Wednesday, September 23, 2009

"(I Never Loved) Eva Braun"

Do we like Geldof?

It seems a million years ago Bob Geldof was a new wave singer, another snotty streak of piss with an attitude, a mouth and a truckload of ambition. All of that seems to have been overrun by his involvement with famine relief, third world development, peace, butter mountains, and for a while by his personal life.
These days, the Geldof brand is being marketed by his daughters, who certainly seem a chip off the old block in some respects.
Back in the day though Geldof the singer (the real one, not the daughter) was the real "enfant terrible" of the new wave. When Johnny Rotten retired to become John Lydon and work at being taken as a serious musician, Geldof was right there, stage left, waiting to take over.
But where Johnny Rotten was all about outrage for outrage's sake, Geldof was always more thoughtful, if sometimes a little clumsy. Like Sinead O'Connor, Geldof had issues with some of the hard-dying traditions in Irish society, the influence of the Church, and he used his position as a pulpit from which to attack.
Even his music reflected more thought. While the Pistols were throwing as much manure at the wall to stink up the place, The Boomtown Rats picked their subjects with a little more care, even if shock was still on the agenda. "I Don't Like Mondays" got itself banned in the US for dealing with a schoolyard shooting (20 years before Columbine), and "Mary of the Fourth Form" and "She's So Modern" skewered the rapidly-unwinding tradition of schoolroom innocence, like The Police would do later.
But one song, to me, stands head and shoulders above the rest of their material.
if you're setting out to shock and undermine you can do it, as the Pistols did, with a blunt instrument. Or you can subvert the process and have a little fun. I have no doubt that, as unpalatable as the subject matter is, Geldof had a lot of fun writing this song.
"I never loved Eva Braun/Though a thousand people say I did/She was just some girl who was on the make/Boy she wanted to be so big."
Okay, so we're already coming at the subject sideways. Listen to song! Not only are the Rats twisting our tail, they're taking the mickey by hauling in ancient references (the "Are you really going out with Adolf?", the "oh no?"/"oh yeah?"/"yes we see" are pulled straight from the Shangri-Las' "Leader of the Pack?").
I never heard all the screams (oh no?)/I never saw the blood and dirt and gore (oh yeah?)/That wasn't part of the dream, (yes, we see)/Of maps and generals and uniforms."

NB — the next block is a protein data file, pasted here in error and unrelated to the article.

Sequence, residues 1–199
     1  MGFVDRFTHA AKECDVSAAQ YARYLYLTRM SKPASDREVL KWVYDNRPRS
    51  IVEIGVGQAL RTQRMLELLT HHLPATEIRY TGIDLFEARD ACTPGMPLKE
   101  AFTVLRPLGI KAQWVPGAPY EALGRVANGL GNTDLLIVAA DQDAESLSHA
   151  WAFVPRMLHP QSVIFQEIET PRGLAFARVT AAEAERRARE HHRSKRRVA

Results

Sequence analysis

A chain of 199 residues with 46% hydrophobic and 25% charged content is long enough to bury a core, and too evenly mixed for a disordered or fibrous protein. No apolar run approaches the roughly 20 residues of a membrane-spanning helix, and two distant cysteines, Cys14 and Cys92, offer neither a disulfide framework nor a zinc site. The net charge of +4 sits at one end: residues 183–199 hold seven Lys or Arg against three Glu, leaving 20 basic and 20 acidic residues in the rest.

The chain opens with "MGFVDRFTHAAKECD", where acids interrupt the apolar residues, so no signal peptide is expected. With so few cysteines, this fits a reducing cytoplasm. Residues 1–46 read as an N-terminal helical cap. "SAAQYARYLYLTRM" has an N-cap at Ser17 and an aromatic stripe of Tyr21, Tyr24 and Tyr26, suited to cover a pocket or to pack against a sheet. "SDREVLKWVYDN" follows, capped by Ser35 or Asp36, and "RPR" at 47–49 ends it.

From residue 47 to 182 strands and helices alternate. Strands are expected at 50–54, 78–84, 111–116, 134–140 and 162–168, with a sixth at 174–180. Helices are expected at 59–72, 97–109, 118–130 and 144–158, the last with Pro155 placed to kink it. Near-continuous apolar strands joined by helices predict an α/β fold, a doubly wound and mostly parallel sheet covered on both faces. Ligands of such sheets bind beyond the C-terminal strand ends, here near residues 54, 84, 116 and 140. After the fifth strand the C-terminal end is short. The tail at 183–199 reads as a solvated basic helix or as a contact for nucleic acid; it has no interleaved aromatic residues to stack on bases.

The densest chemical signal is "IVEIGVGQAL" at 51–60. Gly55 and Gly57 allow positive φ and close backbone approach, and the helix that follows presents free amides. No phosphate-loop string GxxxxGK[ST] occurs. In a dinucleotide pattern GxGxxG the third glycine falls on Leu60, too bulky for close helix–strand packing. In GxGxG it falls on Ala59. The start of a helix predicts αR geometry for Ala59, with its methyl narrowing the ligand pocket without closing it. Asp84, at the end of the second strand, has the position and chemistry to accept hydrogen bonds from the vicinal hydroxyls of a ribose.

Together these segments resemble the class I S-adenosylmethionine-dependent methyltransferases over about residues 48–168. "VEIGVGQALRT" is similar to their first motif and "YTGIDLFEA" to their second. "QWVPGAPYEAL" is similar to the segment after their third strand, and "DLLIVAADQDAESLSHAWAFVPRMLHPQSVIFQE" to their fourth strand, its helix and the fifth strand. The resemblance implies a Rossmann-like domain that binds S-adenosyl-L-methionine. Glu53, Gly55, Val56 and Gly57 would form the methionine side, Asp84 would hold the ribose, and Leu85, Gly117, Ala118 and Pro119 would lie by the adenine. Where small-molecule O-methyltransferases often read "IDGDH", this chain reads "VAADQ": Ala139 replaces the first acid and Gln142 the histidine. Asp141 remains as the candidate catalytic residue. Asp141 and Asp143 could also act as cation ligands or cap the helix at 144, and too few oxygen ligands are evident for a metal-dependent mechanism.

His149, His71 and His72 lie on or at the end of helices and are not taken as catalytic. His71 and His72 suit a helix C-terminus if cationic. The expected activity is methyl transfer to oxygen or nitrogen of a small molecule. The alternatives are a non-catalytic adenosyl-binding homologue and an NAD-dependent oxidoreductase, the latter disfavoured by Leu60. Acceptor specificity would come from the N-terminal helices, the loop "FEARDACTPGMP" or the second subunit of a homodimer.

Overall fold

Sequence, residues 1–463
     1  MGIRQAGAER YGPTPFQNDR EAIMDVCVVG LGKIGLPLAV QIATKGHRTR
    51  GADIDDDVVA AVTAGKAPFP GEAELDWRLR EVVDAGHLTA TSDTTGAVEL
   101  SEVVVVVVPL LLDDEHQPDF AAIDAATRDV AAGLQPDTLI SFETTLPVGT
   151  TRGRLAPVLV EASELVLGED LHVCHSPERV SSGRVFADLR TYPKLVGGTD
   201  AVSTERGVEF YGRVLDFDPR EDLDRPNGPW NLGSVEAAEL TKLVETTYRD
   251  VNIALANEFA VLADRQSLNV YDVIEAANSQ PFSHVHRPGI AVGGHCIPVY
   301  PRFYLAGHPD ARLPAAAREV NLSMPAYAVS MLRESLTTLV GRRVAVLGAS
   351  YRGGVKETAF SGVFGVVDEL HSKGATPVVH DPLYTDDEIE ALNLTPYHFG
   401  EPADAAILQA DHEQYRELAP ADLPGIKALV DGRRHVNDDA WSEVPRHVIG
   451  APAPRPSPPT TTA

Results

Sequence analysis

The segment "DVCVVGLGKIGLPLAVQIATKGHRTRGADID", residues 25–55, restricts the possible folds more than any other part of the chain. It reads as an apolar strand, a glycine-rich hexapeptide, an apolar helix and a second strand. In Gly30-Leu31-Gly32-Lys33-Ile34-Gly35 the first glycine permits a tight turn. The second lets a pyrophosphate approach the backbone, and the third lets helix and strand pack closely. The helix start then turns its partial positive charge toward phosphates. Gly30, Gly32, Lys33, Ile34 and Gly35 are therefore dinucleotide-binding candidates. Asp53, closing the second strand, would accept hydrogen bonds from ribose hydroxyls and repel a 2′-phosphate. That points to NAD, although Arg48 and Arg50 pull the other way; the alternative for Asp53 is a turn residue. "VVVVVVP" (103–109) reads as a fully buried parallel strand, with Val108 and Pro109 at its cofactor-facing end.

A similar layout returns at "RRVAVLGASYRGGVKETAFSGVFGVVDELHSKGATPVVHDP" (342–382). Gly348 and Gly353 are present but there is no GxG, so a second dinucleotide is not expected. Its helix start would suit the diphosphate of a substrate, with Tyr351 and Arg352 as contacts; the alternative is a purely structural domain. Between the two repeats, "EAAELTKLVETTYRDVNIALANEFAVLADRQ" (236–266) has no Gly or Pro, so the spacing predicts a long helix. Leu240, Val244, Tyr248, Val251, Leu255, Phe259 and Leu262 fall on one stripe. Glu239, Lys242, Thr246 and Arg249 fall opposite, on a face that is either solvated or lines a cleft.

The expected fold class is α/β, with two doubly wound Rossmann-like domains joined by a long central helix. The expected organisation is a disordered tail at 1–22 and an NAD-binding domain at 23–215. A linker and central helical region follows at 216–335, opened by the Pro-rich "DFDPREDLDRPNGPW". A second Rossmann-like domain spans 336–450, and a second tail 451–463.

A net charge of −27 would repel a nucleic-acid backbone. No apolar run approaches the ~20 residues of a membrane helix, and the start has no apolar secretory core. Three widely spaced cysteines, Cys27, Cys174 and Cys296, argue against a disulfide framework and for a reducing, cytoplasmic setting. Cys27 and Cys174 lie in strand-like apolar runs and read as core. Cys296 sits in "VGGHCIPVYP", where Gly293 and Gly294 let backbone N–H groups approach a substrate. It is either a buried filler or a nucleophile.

To be honest, it's a sick, twisted song, but from the safe distance of thirty-plus years, we can see that it's entirely in keeping with the Geldof way: be outrageous, be subversive, take the accepted truth and play with it.
And it's helped by a truly great chant-along chorus that spins faster and faster, right to the final ringing chord, and the whispered, awed, "Gee!".
Maybe it's not songwriting on a par with the Neil Youngs of this world, but it's as in-your-face and provocative as Geldof ever was.

Apologies for the video... minimize the window if you must.

Tuesday, June 23, 2009

"Ezy Ryder"

I'm taking a night class in creative writing - sort of scratching an ancient itch of you like. While I write for a living, journalism isn't exactly creative: the plot, the characters, the dialogue, it's all laid out there for you and all you need to do is arrange it so that it makes sense. Creative writing is conjuring something out of thin air, something that didn't necessarily happen to people that don't necessarily exist.
And as any teacher will tell you, a story has to have a beginning, a middle and an end. And as I'm finding out, a good beginning is a real challenge.
Which brings me to songs, and how a great song begins. The only problem here is that there are so many great intros to choose from.
I've already listed more than a few songs that have magnificent intros: the Stones' apocalyptic "Gimme Shelter", Hendrix's unstoppable "Ezy Ryder", the Allman Brothers' spic "Whipping Post", CSN&Y's gentle, perfect "Find the Cost of Freedom", Arlo Guthrie's gorgeous "Gabriel's Mother's Hiway Ballad No. 16 Blues", the list goes on....
But then, it's not necessarily *what* you start a song with, but *how* you start it that matters. So a song with no intro at all can be great - the Buzzcocks' "Orgasm Addict" kicks off with lyrics before the music starts, while Catatonia's "Road Rage" puts Cerys Mathews' voice well to the fore, so you've heard two lines of lyric before you've even worked out what the tune is.
At the other extreme you can spend one and a half minutes listening to Traffic get their so-laid-back-it's-horizontal groove on before Stevie Winwood starts singing in "The Low Spark of High-Heeled Boys". And Pink Floyd were never ones to mess up a perfectly good piece of ambient soundscape with nasty, human lyrics until it was absolutely necessary (usually around ten minutes into the piece). Besides, you had to let the sustain on Dave Gilmour's guitar fade away before there was room for a vocal...